Knowing how cyber insurance is underwritten can help you save on your premium

With most types of insurance, there is an underwriting process. This involves assessing the risk that an insured party will file a claim to receive policy benefits. With life insurance, underwriting involves the risk of death. With auto insurance, you are rated on how likely you are to be in an accident.

The underwriting process is the main determining factor of how much a policyholder will pay in premium for insurance coverage. The more risk you pose to the insurer, the more you will pay.

Cyber insurance is also underwritten. Because it’s a fairly new type of insurance, underwriting cyber insurance is still a work in process for most carriers that offer it. Plus, it’s difficult for underwriters to accurately assess risk and the cost of a breach. That’s because of the lack of actuarial data on cyber hacking.

A cyber insurance carrier will typically evaluate your risk based on the following factors:

Industry

The industry you operate in may be the most important underwriting factor for cyber insurance. Some industries are more high-risk because of the type of data they store, which makes them an attractive target for hackers. Health care, the legal profession and financial services are among the most targeted industries because of the volume of sensitive data companies in these industries store and transmit.

According to an annual report by IBM, the most attacked industry in 2019 and 2020 was finance and insurance. The report showed that the financial sector was affected by a large portion of server attacks, data theft and some ransomware cases.

The study also ranked professional services, which includes law firms, the fifth most attacked industry. Cyber criminals often target law firms to steal information on cases, client information, and privileged communications between attorneys and clients.

The biggest threat to professional services, according to IBM, are ransomware attacks. “One law firm’s data was put up for auction for $40 million dollars, underscoring the high price ransomware attackers perceive they can obtain for professional services firms’ data,” the report said.
The volume and type of data your business has

The more sensitive, personal data you have stored, the more at risk you are to hacking. High-risk companies possess financial data, bank account information, credit card numbers, Social Security numbers and other sensitive information.

Company size

The bigger your company, the more potential entry points into your network. You have more employees who can fall for phishing scams and social engineering attacks. Also, bigger companies typically use more outside vendors that can provide a hacker with third-party access to your network.

Annual revenue

The more money your company earns, the more of a target it is to cyber criminals. This is especially true for hackers who commit ransomware attacks, in which criminals demand payment in return for data they have compromised. A hacker can demand a higher ransom from companies that earn more revenue.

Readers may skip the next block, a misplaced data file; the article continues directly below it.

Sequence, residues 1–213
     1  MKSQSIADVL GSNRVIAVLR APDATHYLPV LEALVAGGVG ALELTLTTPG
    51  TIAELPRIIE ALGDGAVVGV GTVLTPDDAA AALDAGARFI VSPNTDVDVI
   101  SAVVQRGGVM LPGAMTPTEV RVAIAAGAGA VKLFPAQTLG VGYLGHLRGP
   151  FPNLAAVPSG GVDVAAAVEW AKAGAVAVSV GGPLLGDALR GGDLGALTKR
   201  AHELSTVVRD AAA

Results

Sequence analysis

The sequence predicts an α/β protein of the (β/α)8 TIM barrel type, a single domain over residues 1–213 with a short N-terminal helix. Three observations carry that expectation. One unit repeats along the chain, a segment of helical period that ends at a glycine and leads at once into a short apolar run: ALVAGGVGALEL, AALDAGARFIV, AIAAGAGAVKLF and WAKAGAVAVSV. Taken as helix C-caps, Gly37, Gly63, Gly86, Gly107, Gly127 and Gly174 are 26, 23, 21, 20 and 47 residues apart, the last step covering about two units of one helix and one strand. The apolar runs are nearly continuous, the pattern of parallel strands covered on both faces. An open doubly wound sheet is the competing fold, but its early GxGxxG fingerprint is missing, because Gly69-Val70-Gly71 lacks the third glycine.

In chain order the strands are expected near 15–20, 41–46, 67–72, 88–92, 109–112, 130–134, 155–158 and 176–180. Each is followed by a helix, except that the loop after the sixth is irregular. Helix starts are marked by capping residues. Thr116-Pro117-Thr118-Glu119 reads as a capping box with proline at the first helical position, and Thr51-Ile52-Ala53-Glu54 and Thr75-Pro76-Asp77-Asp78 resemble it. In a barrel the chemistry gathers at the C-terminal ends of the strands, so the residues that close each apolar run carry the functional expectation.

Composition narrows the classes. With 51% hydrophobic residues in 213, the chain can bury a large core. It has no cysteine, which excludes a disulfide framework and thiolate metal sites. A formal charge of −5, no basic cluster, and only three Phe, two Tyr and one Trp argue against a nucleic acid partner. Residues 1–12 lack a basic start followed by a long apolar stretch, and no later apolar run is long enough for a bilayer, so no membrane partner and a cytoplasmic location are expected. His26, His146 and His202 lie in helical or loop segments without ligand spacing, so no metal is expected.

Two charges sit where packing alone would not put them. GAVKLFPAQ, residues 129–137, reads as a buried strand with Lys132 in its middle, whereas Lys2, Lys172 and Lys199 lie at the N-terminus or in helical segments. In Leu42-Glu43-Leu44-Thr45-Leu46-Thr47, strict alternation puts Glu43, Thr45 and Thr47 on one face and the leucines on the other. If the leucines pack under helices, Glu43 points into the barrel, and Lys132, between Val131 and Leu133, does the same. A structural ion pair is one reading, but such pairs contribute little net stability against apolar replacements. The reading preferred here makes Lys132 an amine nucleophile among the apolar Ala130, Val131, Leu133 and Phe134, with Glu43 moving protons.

In addition, revenue helps cyber insurance underwriters understand the potential financial impact of a cyber security breach, including the cost of remediation following an attack.

Strength of security measures

Cyber insurance companies will assess how protected your networks are against hackers. This includes your company’s security protocols, such as:

  • Password requirements
  • Encryption policies for storing and transmitting sensitive data
  • Document retention and storage policies
  • How documents containing sensitive data are disposed of when no longer needed
  • Who and how many people have access to what data
  • Procedures for backing up information
  • Security testing procedures
  • The effectiveness of employee cybersecurity training programs

Of these criteria, the only one you can control enough to potentially lower your cyber insurance premium is the strength of your cyber security measures.

While no amount of security measures can guarantee an impenetrable network, you want to make it as difficult as possible for a hacker to gain access.  

The best defense against hackers is instilling a companywide culture of smart security practices. All employees and departments should feel it’s their responsibility to protect the company’s network. This means that through policies and practice, all employees should:

  • Protect access to their individual workstations by using strong passwords, by never sharing passwords, and by never letting unauthorized people in work areas.
  • Protect company data by restricting access, by properly storing, transferring and destroying data, and by encrypting sensitive data.
  • Stay up to date on the latest cyber security risks and report potential breaches immediately to their HR department.

In addition, your company’s IT department should conduct regular penetration testing, which is a simulated cyber attack designed to identify network vulnerabilities.

These are just a few examples of how to make your company less of a target to hackers, which in turn should enable you to pay less in premium for cyber insurance coverage.

When you are ready to compare coverages and rates, the experts at ProDefender can help you shop the market and select the right policy for your firm.

 

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